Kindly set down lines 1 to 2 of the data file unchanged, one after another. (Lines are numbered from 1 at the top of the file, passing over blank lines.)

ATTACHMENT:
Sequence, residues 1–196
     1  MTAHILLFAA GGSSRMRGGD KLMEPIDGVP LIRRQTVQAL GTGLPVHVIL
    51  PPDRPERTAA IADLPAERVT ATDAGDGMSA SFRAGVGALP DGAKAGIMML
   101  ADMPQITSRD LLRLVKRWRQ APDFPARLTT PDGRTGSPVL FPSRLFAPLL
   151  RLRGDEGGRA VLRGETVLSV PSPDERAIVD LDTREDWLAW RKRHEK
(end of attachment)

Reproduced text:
Sequence, residues 1–196
     1  MTAHILLFAA GGSSRMRGGD KLMEPIDGVP LIRRQTVQAL GTGLPVHVIL